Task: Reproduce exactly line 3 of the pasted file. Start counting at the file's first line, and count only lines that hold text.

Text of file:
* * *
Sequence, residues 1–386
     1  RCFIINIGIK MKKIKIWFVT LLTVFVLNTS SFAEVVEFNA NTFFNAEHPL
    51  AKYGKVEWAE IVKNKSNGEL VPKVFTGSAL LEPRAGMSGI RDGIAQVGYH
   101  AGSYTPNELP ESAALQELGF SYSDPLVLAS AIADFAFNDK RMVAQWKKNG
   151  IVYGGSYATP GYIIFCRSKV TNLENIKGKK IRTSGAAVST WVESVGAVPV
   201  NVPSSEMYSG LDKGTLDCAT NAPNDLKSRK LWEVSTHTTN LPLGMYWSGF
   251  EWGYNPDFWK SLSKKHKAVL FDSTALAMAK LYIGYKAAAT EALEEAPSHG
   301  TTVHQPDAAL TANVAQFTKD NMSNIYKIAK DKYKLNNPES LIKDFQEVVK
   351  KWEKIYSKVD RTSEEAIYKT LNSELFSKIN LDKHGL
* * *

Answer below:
    51  AKYGKVEWAE IVKNKSNGEL VPKVFTGSAL LEPRAGMSGI RDGIAQVGYH